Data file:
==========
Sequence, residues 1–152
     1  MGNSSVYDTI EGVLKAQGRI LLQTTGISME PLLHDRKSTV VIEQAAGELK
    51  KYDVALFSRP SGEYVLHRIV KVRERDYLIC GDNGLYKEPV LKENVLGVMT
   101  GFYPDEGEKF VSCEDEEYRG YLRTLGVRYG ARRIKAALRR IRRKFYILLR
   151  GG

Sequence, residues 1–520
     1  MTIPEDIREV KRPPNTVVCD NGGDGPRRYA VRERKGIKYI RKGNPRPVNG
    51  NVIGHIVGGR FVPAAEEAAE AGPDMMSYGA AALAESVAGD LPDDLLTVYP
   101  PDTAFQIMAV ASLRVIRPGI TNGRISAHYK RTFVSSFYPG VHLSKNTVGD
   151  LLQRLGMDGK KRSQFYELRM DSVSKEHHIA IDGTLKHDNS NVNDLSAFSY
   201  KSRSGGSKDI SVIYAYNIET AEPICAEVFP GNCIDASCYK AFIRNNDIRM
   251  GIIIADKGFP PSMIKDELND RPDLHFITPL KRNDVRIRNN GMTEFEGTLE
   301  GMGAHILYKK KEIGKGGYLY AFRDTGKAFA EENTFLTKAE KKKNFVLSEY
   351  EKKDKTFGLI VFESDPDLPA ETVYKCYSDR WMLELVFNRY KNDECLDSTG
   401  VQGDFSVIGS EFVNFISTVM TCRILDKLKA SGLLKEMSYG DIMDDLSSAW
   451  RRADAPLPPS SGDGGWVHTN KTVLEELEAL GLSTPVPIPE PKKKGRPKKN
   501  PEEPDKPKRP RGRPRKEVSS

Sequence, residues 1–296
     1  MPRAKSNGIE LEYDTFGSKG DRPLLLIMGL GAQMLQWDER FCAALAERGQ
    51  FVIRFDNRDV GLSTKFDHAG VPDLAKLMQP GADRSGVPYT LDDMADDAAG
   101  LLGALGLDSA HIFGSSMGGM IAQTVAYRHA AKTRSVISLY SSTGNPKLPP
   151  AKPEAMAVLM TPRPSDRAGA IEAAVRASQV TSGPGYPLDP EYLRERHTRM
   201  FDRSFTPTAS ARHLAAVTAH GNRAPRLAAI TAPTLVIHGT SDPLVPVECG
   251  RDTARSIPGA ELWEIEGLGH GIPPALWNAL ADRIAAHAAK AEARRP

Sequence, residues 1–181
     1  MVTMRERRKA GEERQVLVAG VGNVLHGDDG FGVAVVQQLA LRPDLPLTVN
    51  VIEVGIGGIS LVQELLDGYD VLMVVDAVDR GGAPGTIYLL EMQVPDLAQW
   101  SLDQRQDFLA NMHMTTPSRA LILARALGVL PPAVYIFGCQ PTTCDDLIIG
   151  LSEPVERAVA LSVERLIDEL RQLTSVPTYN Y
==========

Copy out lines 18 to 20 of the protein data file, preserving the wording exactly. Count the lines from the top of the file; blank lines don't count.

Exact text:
Sequence, residues 1–296
     1  MPRAKSNGIE LEYDTFGSKG DRPLLLIMGL GAQMLQWDER FCAALAERGQ
    51  FVIRFDNRDV GLSTKFDHAG VPDLAKLMQP GADRSGVPYT LDDMADDAAG